While the period of Remembrance focuses people’s minds around the world on the sacrifice of those who fought and fell, the thoughts of many people locally, including myself, will be on those from Barnsley who made the ultimate sacrifice.
The Festival of Remembrance at St Mary’s Church and the Remembrance Sunday service in front of the Town Hall are just two of many events taking place locally that provide an opportunity for people to pay their respects.
Just as it was after the Armistice of 1918, every community has its own story of loss to tell, including in recent years the terrible losses of Private Matthew Thornton of The Yorkshire Regiment, Marine David Marsh of The Royal Marines, and Captain Martin Driver of The Royal Anglian Regiment.
Three young men from Barnsley who stepped forward to answer the call – just like their forebears – but didn’t make it home.
This year’s period of Remembrance also includes two unique local events that provide additional opportunities for us to reflect on those who fell in service of our country.
The first is the unveiling of the Holgate Memorial at Shaw Lane Sports Club which pays tribute to the 98 Old Boys of Holgate Grammar School who made the ultimate sacrifice during the Second World War. After 10 years in storage, thanks to the hard work of local people and BMBC’s willingness to loan it, I’m pleased it will be back on display. The Old Boys’ stories are an important part of our Town’s history.
The second is the unveiling of a memorial stone at Barnsley Town Hall in honour of Sergeant Ian McKay VC, the platoon sergeant of 4 platoon, B company, 3 Para who was killed at the Battle of Mount London during the Falklands War.
I remember hearing of Sergeant McKay’s selfless heroism for the first time as a young paratrooper. Now, a quarter of a century on, I feel very proud to be an MP in the town where he was born. It’s a story that has stayed with me ever since and occupies a legendary place in the annals of airborne history.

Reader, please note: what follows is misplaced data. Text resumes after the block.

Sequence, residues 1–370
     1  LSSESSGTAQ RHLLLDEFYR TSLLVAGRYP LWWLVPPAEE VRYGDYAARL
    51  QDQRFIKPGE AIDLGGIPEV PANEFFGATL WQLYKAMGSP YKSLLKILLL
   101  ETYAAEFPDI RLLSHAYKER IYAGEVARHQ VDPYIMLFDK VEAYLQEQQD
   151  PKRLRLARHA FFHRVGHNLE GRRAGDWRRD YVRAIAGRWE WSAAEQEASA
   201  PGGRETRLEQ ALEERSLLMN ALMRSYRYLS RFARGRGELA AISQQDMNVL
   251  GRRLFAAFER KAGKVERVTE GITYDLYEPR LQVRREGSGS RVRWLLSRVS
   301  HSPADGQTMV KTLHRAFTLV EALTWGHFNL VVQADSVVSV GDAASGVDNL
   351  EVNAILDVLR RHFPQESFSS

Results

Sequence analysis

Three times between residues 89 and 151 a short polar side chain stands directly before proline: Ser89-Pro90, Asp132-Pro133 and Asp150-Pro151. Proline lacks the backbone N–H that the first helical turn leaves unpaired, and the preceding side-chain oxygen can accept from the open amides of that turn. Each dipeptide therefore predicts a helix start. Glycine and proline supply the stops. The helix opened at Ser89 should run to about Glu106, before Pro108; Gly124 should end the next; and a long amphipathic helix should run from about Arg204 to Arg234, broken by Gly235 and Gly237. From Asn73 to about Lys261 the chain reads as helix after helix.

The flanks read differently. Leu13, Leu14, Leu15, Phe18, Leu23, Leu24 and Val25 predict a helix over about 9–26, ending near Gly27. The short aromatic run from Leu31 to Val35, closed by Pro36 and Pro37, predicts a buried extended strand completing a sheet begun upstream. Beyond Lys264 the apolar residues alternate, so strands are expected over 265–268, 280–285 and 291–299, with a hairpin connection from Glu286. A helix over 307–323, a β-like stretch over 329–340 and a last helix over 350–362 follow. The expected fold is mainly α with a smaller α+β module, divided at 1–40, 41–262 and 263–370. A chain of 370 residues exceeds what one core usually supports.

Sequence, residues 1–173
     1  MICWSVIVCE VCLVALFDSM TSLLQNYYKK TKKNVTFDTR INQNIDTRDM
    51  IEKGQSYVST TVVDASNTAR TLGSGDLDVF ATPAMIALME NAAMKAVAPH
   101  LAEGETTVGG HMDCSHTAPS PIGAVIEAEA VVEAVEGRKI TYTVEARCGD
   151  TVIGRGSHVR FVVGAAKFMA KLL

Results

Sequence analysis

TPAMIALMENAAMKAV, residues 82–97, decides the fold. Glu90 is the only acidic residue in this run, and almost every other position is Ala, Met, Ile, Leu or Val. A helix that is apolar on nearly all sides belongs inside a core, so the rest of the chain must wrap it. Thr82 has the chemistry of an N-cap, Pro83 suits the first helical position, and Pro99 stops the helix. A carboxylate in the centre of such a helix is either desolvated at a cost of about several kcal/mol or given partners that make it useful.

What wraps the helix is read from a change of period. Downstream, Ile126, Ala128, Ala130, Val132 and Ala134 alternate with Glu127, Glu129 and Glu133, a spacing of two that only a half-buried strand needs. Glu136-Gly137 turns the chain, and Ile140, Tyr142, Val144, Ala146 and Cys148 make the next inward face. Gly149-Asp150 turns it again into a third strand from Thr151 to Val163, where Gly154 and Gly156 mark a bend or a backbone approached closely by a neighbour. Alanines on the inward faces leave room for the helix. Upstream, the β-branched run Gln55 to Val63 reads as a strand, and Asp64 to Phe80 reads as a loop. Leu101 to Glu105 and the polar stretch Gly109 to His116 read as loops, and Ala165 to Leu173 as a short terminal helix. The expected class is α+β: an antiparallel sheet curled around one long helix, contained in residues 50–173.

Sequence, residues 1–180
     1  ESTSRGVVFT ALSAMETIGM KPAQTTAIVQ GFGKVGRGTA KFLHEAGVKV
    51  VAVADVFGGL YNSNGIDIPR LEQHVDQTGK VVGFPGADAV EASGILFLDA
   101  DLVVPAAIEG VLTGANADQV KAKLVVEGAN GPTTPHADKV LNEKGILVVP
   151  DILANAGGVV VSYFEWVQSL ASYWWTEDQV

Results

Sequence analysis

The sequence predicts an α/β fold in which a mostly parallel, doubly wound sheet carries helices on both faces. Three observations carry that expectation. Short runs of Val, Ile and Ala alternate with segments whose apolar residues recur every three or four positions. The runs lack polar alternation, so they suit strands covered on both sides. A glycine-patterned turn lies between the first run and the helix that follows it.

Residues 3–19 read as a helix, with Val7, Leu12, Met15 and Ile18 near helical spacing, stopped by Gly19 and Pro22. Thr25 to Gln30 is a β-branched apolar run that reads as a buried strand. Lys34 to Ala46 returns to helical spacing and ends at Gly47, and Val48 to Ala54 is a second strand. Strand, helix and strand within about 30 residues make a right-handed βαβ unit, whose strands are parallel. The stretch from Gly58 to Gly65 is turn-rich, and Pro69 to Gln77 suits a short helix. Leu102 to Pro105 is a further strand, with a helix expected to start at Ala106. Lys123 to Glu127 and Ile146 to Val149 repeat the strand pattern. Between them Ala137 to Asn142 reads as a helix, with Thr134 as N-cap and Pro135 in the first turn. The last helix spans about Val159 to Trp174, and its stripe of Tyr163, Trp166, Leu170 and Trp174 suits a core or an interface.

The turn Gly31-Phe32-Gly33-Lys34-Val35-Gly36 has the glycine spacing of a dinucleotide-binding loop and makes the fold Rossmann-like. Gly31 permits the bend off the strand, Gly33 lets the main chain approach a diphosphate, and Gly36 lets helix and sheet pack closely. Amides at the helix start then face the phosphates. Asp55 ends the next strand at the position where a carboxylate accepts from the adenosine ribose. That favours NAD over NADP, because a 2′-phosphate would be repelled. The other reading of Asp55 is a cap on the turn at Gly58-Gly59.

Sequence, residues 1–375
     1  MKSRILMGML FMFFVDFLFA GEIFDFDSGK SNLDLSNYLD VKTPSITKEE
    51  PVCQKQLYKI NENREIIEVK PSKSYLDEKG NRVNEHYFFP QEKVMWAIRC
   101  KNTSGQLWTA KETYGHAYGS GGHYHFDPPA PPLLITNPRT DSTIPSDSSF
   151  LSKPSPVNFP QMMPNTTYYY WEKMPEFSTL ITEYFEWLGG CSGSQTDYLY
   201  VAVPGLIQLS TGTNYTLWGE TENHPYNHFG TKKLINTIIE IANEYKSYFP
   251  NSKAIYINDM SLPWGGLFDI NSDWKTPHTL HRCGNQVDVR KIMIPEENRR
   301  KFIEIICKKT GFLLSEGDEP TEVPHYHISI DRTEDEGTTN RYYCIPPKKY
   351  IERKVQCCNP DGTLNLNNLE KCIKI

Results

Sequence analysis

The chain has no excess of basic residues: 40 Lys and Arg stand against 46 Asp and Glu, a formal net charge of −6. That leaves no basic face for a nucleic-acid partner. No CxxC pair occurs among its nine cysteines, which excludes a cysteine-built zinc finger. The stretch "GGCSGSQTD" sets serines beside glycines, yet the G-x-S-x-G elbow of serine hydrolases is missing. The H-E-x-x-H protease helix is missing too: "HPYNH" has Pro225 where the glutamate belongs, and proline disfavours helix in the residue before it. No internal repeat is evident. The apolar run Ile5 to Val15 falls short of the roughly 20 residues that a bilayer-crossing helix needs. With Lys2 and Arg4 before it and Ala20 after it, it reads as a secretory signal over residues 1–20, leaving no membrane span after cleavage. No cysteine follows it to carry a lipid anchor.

It was the night of 11 and 12 June, in the face of overwhelming opposition from the Argentine forces, and with the rest of his platoon killed or wounded, Sergeant McKay – without thought for his own safety – advanced on the enemy and successfully relieved two platoons under heavy fire.
At the moment of victory, Sergeant McKay was killed.
There is no doubt that his actions were pivotal to the British victory on Mount Longdon, and for his heroism, he was posthumously awarded the Victoria Cross. Part of his citation reads:
With a complete disregard for his own safety, he displayed courage and leadership of the highest order, and was an inspiration to all those around him.
As we remember Sergeant McKay VC and those who made the ultimate sacrifice, we must continue to strive for the brighter and more peaceful future that they fought for.
We must also continue to fulfil our promise to stand united, to find strength in our shared history, and to confront the challenges of today with the unwavering resolve that has defined us throughout our history.
For me, that’s what Remembrance is about and that is why it is so important that we continue to gather and to show our unwavering commitment to remember the past, as we work to shape a more peaceful and just future.
In Barnsley, we will remember them. We will remember them.